Frances Scott Fitzgerald Lanahan Smith, 64, the only child of author F. Scott Fitzgerald and herself a writer for newspapers and magazines, including The Washington Post and The New Yorker, died yesterday at her home in Montgomery, Ala. She had cancer.

Mrs. Smith, whose nickname was Scottie, lived in Washington for several years and was a figure in society here. For the past 13 years she had lived in Montgomery, the hometown of her mother, the former Zelda Sayre. She was born in St. Paul, in her father's home state of Minnesota.

She grew up in Paris when her father was one of the most popular American writers alive and both of her parents symbolized the carefree life style of the Jazz Age. But by the time the family returned to this country, Zelda Fitzgerald already was slipping into the mental instability from which she never recovered. In the mid-1930s, F. Scott Fitzgerald himself had a nervous breakdown.

Mrs. Smith attended the Ethel Walker School in Connecticut and graduated from Vassar College.

Her father, whose novels included "This Side of Paradise," "The Great Gatsby," "Tender is the Night" and "The Last Tycoon," died in Hollywood in 1940. Zelda Fitzgerald, a painter and writer who published a book, "Save Me The Waltz," died in a sanitarium fire in North Carolina in 1948.

In her own career, Mrs. Smith worked on the New Yorker's "Talk of the Town" column from 1944 to 1948. She moved to the Washington area in 1950 and was a writer for the Democratic Digest, a publication of the Democratic Party Central Committee. She was a reporter for the Northern Virginia Sun before joining The Post in the early 1960s.

At this newspaper she covered the Washington social scene and wrote a series on Peace Corps operations in Africa. In the mid-1960s, she did a twice-weekly column for The New York Times on Washington society. She was the author of two books and in 1974 was the co-author of "The Romantic Egoists," a journal of photographs of her parents and clippings about their lives.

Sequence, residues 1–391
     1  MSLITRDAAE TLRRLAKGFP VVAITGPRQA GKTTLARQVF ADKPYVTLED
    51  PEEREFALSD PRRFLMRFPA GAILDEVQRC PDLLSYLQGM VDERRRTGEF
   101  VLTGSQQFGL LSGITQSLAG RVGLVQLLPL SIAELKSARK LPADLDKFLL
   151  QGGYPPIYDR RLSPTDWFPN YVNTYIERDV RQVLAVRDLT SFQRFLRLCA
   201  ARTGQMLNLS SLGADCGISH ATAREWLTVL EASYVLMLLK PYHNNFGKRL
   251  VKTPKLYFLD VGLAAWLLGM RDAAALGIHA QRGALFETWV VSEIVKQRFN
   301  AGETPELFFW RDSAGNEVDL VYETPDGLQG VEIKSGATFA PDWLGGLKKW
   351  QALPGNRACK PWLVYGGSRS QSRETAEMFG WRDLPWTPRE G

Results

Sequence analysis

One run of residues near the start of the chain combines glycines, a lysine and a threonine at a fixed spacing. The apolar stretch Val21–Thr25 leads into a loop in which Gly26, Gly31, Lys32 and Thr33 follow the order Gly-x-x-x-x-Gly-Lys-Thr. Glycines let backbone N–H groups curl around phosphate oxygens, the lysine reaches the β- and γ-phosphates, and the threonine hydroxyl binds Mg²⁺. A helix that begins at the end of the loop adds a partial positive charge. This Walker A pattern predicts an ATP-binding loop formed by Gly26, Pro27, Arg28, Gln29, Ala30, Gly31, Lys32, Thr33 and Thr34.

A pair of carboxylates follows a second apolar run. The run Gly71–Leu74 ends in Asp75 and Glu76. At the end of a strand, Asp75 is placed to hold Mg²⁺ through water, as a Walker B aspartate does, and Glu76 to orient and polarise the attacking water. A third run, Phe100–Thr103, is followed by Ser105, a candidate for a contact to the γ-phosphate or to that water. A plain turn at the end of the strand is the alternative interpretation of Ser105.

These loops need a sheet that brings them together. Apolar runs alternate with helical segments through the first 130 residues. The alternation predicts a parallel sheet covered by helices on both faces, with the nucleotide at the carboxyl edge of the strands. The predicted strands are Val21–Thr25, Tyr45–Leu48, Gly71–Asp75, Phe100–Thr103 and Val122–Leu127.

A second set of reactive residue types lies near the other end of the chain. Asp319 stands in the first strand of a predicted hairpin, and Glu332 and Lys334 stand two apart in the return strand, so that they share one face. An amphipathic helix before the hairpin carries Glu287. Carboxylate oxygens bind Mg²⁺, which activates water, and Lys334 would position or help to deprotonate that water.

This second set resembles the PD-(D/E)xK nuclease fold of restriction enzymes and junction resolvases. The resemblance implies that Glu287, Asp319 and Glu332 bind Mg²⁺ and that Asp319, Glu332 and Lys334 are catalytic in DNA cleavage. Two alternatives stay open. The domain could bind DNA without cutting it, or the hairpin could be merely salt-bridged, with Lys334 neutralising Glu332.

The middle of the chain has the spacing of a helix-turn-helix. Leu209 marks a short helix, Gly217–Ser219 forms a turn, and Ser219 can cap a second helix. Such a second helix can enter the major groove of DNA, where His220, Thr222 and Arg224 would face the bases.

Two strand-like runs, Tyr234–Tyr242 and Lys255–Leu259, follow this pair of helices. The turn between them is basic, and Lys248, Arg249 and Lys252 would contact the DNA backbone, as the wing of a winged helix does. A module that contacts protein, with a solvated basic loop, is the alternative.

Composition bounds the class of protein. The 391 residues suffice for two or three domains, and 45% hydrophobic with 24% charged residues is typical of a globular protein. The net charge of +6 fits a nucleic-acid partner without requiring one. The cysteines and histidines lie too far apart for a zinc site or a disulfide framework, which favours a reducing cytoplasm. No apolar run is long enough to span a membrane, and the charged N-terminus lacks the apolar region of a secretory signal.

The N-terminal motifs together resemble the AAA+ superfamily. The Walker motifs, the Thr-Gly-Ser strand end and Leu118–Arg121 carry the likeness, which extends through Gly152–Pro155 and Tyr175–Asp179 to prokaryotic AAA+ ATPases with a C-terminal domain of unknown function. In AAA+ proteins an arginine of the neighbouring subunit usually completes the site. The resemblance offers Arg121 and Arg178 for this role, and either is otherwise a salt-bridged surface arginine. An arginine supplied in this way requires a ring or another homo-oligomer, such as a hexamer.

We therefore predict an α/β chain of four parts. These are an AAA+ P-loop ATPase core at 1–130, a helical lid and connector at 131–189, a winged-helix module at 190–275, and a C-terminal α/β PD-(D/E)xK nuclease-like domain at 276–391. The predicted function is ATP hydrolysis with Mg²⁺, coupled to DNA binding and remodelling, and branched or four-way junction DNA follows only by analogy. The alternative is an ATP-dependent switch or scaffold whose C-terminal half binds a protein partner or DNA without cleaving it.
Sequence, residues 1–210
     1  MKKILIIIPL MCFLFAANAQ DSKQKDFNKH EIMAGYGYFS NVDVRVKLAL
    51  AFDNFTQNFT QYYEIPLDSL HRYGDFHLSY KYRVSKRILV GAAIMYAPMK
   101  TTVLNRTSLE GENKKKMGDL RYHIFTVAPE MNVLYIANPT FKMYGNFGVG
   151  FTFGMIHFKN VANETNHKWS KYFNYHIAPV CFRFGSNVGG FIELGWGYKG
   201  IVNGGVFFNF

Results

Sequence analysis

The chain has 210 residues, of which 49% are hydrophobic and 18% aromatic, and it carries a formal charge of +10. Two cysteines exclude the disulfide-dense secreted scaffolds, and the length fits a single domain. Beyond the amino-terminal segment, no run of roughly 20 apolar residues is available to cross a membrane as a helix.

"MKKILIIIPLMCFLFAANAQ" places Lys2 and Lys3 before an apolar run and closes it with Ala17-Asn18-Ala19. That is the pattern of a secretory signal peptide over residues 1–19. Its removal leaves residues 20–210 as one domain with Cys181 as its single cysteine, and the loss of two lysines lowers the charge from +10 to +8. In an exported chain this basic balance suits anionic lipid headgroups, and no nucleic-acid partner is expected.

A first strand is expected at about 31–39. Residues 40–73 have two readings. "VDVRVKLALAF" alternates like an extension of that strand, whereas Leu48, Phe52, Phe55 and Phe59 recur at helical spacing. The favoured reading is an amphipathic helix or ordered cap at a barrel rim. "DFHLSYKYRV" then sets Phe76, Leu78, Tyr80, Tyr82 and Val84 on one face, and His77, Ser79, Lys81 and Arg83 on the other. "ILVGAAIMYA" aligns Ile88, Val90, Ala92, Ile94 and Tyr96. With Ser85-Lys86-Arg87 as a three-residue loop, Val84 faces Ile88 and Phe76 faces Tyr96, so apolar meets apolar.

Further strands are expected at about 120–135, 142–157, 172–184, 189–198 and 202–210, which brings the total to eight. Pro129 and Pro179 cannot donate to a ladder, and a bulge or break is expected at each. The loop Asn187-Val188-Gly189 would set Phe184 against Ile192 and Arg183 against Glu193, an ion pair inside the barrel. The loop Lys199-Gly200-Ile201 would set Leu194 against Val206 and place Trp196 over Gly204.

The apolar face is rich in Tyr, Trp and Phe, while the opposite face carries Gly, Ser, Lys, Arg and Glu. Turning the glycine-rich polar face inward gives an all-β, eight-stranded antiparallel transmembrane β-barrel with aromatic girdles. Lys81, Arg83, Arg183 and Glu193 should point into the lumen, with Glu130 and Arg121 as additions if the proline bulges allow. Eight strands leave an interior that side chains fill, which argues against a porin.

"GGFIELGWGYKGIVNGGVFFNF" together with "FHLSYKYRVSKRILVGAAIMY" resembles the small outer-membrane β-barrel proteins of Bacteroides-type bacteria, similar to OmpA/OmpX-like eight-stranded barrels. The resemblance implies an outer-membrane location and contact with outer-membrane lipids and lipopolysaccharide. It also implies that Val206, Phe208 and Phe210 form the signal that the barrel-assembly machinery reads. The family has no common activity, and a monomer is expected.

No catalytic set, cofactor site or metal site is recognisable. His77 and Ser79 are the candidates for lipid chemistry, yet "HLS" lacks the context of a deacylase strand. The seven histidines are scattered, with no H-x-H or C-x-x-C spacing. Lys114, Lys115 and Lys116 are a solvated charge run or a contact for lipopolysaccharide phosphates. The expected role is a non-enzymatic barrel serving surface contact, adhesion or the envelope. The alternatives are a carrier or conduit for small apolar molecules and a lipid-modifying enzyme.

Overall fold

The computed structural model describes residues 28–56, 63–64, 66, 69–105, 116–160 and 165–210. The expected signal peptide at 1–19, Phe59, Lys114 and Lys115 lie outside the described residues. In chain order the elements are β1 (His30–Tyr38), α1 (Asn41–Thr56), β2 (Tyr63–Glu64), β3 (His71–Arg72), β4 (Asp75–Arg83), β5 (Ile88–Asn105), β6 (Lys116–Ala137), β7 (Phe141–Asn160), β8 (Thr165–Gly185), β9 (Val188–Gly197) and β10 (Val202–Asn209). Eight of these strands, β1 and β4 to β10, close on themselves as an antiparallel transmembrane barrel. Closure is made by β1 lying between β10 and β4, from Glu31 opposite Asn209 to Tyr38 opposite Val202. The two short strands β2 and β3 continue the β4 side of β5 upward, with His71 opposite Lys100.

Mrs. Smith said in a recent interview that being the daughter of a celebrated author opened many doors for her but that it also had its drawbacks. "I've always said jokingly that it was the best-paid part-time job in the world," she said. "It has been hard work sometimes because it encompassed the whole period when my father got extremely popular."

Despite the stories of her parent's seemingly endless partying, she said, "They were always very circumspect around me. I was very unaware of all this drinking that was going on . . . . I was very well taken care of, and I was never neglected. I don't consider I had a very difficult childhood at all. In fact, I consider it a rather wonderful childhood."

Her marriages to Samuel J. Lanahan and C. Grove Smith ended in divorce.

Survivors include three children by her first marriage, Eleanor Lanahan Hazard of Burlington, Vt., Samuel Jackson Lanahan of Eugene, Ore., and Cecelia Scott Ross of Avondale, Pa., and five grandchildren.